Few people would like to believe the U.S. government is working to destroy the middle class in America.
For decades, having a good job and living in the suburbs was part of the American Dream. It’s a lifestyle anyone could attain with a lot of hard work – and perhaps a little luck.
Why, then, is the middle class vanishing before our eyes? It’s a complex issue with many causes. The economic downturn, lower-paying jobs, and decades of policies that gave incentives to ship jobs overseas have all contributed to the demise of the middle class.
Sadly, the middle class no longer represents the majority of people in the U.S. according to a new study by the Pew Research Center. That’s especially true in metropolitan areas.
The government’s answer to the problem is to further socially engineer the landscape of suburban America. The New York Post calls it a move by President Obama to “force suburbs to be less white and wealthy.”
A new push is underway to place more poor people in housing located in affluent areas of the nation. Housing Secretary Julian Castro wants to boost the allowances on Section 8 housing vouchers so low-income people can live in houses and apartments in upscale communities.
So-called “government real estate agents called mobility counselors” will help place people in new, wealthier communities, the Post reported.
The middle class is not just vanishing, it is being cast off from society.
“People feel like they’re working more and more, but barely keeping their heads above water,” Stephen Pimpare, a lecturer at the University of New Hampshire and a poverty expert, told the International Business Times in an interview. “They’re not wrong, they’re not imagining that.”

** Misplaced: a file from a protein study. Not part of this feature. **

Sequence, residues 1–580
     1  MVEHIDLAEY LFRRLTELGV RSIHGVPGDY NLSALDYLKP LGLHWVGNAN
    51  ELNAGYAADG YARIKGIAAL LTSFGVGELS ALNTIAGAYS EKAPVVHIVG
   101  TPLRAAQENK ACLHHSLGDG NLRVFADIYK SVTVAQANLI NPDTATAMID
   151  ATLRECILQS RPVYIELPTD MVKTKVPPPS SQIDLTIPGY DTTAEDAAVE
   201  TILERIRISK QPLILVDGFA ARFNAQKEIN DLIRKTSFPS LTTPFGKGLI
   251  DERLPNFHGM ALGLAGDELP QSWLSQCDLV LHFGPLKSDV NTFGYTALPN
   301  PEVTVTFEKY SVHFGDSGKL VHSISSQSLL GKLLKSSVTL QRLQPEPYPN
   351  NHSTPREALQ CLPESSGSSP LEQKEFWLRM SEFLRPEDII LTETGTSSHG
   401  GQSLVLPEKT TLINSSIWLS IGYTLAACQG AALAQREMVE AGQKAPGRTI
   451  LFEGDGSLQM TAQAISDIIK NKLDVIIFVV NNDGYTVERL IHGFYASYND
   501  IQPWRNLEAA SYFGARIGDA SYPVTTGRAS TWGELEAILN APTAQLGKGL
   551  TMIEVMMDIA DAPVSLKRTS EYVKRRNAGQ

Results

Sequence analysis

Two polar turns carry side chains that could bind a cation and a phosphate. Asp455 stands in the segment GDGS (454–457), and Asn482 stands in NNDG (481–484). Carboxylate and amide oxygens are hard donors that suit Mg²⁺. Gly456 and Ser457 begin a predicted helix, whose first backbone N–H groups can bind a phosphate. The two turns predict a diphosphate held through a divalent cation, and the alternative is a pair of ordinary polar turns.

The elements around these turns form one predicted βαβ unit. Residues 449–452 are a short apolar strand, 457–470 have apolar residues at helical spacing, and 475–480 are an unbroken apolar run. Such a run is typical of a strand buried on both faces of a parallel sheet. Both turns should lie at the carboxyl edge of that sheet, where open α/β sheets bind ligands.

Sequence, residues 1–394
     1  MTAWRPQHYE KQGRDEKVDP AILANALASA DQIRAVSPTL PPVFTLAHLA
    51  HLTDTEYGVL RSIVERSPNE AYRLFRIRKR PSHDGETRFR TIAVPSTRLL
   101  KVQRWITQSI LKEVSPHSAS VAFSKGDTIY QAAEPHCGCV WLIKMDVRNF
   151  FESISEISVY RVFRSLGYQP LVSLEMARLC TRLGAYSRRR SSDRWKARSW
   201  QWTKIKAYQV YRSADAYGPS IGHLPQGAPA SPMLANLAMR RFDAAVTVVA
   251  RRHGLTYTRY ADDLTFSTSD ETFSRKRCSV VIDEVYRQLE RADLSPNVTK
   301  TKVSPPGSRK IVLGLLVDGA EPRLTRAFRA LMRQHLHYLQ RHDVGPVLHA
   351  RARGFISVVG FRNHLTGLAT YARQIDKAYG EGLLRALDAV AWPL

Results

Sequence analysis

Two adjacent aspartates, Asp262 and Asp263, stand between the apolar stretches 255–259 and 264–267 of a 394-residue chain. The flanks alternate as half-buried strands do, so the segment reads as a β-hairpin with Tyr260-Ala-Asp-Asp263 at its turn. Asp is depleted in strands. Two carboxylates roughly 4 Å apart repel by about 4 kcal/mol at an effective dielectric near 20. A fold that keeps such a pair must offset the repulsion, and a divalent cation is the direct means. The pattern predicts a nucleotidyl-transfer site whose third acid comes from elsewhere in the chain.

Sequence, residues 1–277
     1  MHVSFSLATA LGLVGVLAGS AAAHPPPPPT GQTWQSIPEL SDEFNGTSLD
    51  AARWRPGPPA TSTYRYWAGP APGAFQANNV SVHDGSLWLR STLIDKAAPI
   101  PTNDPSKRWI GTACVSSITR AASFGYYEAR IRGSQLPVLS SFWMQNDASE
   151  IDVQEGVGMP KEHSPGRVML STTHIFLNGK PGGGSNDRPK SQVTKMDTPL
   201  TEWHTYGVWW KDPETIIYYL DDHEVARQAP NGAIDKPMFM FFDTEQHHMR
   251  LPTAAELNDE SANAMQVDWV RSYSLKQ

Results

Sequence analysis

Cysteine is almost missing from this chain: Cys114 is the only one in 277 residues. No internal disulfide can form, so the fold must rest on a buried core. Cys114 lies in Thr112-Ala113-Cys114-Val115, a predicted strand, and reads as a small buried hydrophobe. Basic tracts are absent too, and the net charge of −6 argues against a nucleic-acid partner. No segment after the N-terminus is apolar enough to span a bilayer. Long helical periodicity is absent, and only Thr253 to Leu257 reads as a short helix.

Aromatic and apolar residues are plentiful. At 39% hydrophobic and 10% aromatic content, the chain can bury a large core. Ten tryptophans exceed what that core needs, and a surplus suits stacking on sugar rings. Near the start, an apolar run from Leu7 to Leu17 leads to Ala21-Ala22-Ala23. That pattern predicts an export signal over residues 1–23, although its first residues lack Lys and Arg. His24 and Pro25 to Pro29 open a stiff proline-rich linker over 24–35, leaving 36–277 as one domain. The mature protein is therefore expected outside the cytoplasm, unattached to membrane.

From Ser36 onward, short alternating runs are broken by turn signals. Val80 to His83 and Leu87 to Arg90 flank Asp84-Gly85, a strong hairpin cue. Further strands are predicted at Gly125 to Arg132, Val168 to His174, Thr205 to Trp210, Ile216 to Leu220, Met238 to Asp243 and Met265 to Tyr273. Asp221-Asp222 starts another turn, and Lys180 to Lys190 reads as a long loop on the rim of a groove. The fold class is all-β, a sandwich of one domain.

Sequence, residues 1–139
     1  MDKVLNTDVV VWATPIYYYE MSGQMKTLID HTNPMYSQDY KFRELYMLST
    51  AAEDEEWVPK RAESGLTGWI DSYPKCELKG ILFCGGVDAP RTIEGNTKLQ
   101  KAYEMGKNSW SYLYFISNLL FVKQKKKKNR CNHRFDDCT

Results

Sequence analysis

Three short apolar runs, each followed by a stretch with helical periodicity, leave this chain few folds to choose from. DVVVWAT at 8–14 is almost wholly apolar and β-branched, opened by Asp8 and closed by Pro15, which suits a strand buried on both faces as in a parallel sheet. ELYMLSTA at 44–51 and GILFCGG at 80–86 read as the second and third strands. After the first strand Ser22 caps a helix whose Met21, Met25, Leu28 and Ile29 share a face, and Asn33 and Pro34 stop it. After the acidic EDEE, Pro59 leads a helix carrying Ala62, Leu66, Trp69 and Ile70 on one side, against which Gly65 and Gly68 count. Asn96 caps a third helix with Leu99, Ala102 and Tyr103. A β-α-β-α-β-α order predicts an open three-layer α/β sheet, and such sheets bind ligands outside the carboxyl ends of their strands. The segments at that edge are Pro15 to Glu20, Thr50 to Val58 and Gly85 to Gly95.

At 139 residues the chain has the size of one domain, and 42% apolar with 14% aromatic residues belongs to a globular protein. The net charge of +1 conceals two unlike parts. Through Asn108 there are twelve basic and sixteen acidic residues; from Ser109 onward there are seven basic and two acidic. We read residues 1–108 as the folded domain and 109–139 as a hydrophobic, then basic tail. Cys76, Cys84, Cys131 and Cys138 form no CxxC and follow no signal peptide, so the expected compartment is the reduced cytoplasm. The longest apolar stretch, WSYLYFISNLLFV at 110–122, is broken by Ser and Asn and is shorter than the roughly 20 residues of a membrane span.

Enter the Small-Area Fair Market Rents (SAFMR) plan. It seeks to relocate low-income city dwellers into upscale suburban areas.
Under the plan :
- Federal grant money will be used to coerce suburban communities to build more Section 8 housing.
- Suburban landlords could face lawsuits for denying housing to Section 8 tenants with criminal records.
- The government will issue a bigger Section 8 voucher amounts for tenants who move out of urban areas and into the suburbs.
- Tenants who choose to stay in urban areas will have their Section 8 vouchers reduced. That means low-income city residents will literally be forced into the suburbs.
The number of Section 8 voucher holders now stands at more than 2.2 million people nationwide.
The United States Department of Housing and Urban Development’s own research shows the program is not working. A study by HUD in 2011 found that adults that received a bigger Section 8 voucher failed to get off of welfare or land a good job. Instead, more of them ended up on food stamps.
SAFMR is expected to be passed – with no Congressional approval – in October, according to the Post. When the regulation takes effect, about 350,000 Section 8 recipients are expected to be immediately “resettled” into new neighborhoods.
This isn’t about working harder and achieving a better life. Past programs that gave people something for nothing failed to give them incentives to work harder. In fact, more of them ended up on food stamps, a HUD study found in 2011.
Too often, crime follows the poor into their new middle class neighborhoods. It does not necessarily improve their lives. But it downgrades the quality of life for those already living there. In suburban Dallas, Texas, and in Dubuque, Iowa; for example, an increase in crime was directly linked to an increase in Section 8 housing residents, the Post reported.
A Supreme Court decision in 2015 made it easier for low-income housing developers to sue cities that refuse to allow them in their communities, the Dallas Morning News reported.
In Dallas, the Inclusive Communities Project has repeatedly sued upscale cities in suburban areas, in an effort to force them to build low-income housing developments.
It looks like the push to eliminate the middle class will only continue.